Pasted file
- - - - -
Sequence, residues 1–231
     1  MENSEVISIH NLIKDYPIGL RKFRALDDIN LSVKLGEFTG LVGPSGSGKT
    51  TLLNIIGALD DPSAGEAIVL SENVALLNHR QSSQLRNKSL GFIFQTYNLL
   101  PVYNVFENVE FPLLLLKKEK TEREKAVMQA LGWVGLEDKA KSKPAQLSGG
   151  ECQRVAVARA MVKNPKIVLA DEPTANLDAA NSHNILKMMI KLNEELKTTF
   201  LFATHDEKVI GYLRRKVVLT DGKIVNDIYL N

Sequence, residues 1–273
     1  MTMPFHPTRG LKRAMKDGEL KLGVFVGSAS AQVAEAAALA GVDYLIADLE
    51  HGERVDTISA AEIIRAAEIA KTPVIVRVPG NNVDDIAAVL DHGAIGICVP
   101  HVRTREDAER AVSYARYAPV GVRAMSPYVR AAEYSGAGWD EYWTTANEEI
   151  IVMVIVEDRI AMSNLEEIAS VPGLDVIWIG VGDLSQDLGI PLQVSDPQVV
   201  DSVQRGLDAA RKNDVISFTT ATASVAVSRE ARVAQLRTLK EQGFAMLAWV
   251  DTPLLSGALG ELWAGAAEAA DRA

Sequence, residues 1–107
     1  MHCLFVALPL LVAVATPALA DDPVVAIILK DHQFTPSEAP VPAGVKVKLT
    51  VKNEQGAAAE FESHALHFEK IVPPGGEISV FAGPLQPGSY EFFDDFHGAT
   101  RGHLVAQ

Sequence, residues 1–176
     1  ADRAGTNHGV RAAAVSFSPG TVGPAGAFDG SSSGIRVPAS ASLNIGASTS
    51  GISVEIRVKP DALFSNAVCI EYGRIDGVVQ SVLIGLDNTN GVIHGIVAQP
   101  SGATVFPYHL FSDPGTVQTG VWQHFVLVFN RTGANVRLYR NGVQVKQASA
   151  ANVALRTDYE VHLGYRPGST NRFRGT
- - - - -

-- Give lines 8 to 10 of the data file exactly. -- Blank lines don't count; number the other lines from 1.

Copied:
     1  MTMPFHPTRG LKRAMKDGEL KLGVFVGSAS AQVAEAAALA GVDYLIADLE
    51  HGERVDTISA AEIIRAAEIA KTPVIVRVPG NNVDDIAAVL DHGAIGICVP
   101  HVRTREDAER AVSYARYAPV GVRAMSPYVR AAEYSGAGWD EYWTTANEEI